The next thing you may notice on your right is a couple of ice chest model coolers for drinks complete with a sliding top. I have noticed that in China it is very rare to find a drink as chilled as we have grown accustomed to them being in America, so keep that in mind when you receive a cool beverage.

About two thirds of the way into the store, there is a glass counter, which contains cigarettes and lighters. It is where you place the merchandise you want, and the store owner will bag it for you if necessary, and you pay for your items. By the way, there is no cash register, just a small box, so don’t ask for a receipt!

There is a man and his wife that own the store and work and live there. They both always have a huge smile when they see me, and they are very patient as I try to understand what they are communicating to me. In the back left corner, he has a small TV mounted, and he loves to watch the NBA. In fact, I believe Kobe Bryant is his favorite player, because he always says Kobe to me and give me a thumbs up!

There is a doorway behind the glass counter, which leads to a poorly illuminated room. If you look closely, you can see that they have their bed there and that is where they live and work. Now that is an easy commute to work!

If you have a chance, please go to China and get to know the people. I trust your experience will be as enjoyable as all of mine have been!

Green Thumbs


In my recent post, Heaven on Earth, I mentioned how the gardeners on the university campus where I had the honor of teaching didn’t have many modern tools or vehicles to carry their tools. I was very impressed with how well these workers kept the grounds looking, and knowing the resources they used made it even more impressive. Regrettably, I didn’t speak Chinese well enough to tell these workers how impressed I was with their work, nevertheless I will show you some of the fruit of their labor.


Roses in China_BeauSides


The Director of Foreign Affairs at the university was a wonderful man; however, one thing in particular made my trips to his office so enjoyable: An area behind his office had beautiful roses and a long hedge going the length of the next building.


One day, I was surprised to see a man with manual hedge clippers trimming the row of hedges. I couldn’t imagine how long it would take him, but he was doing a great job with the tool he had.


Trimming hedges_Beau Sides_Lessons from China


The gardeners did have a lawn mower, which they used to cut to cut grass in large open areas. But on more than one occasion, I saw people using hedge clippers to cut smaller sections of grass. Even though the hand-clipped areas of grass were smaller, I couldn’t imagine how long it would take to complete that task.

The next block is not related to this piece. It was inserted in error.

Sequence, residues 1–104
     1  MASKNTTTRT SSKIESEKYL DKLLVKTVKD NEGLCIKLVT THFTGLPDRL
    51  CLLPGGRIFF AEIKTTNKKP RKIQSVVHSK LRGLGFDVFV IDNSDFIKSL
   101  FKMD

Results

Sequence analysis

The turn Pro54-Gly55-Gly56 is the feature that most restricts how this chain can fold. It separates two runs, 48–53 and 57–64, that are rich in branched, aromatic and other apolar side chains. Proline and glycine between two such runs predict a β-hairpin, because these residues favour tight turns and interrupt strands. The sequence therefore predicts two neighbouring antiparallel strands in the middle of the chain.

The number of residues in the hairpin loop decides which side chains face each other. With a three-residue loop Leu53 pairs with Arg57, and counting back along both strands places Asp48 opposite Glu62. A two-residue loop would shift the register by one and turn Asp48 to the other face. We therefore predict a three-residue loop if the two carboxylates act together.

One project that was reported to be completed on time and under budget for the 2008 Olympics in Beijing was the planting of trees. One million trees were planted! I have noticed that when many trees are planted in China, they are kept in a very straight line.


Beautiful trees in a row_BeauSides

To learn more, check out my book Lessons From China




To learn more, check out my book Lessons from China: A Westerner’s Cultural Education!

Everyone, I am so excited to share with you the news of my new book Lessons from China: A Westerner’s Cultural Education. It’s being published on Monday, April 7th! That’s just five short days from today.

Lessons from China is a fun, easy-to-read story that provides unique insights to current Chinese culture, business and personal etiquette, and economic development. This fictional travelogue is also delicately sprinkled with bits of historical background. I hope that you will love the book.

So far, Lessons from China has been getting some great book reviews and attention from the press! When I taught in China, I would tell my students to listen to the VOA broadcast to improve their English skills. So it is amazing that I get to be interviewed on the VOA. So, to kick-start this month of April, I’d like to share with you my radio interview from Voice of America Asia aired on March 26.

VOA Interview: Lessons from China

Click to read or listen to Beau’s Interview on VOA

Over the next few weeks, I’ll keep you informed on some of the fun things that are happening with the book, but I’ll continue with my regular posts of what it’s all about: my lessons from China.

Celebrate with me, share the posts, and the news about my book Lessons from China (by Beau Sides). Look me up on Facebook (Beau Sides Author) or Twitter (Beau Sides) and have a blast with me and all my friends.



Click to go to

I remember my first trip to China about fourteen years ago. Although I was there for only two weeks, I made friends, real friends. I still communicate with those same friends today!  Some of them were college students at the time, and some were professionals at the university I visited.  When I returned to the university the following year to teach, I was stunned by how easily I made friends with the local shop owners―and I didn’t speak Chinese―and how quickly I made friends with the students on campus, the ones I taught or met at the English Corner.

Chinese and American_ Acceptance

The guys would allow me to play basketball with them. We had a group that always played on Thursday afternoon at 3:30. We’d go out to eat or hang out in my apartment watching movies in English. The girls would translate for me, tell me where to shop, and show me how to do some of my everyday chores. They were so kind to show me where the laundry room was on campus and to take me to a seamstress to repair a torn pocket on my coat.

What was incredible about my spending time with these students is that I was probably twenty-two years older than they were; yet they accepted me and let me be their friend. They received me with my lack of knowledge of their culture, geography, and language, and they taught me. To this day, I am still amazed by how well an old bald guy was accepted and befriended by college-aged students from another culture.  So, if you want to make some new friends, may I suggest China!

Learn more by reading my book Lessons from China: A Westerner’s Cultural Education.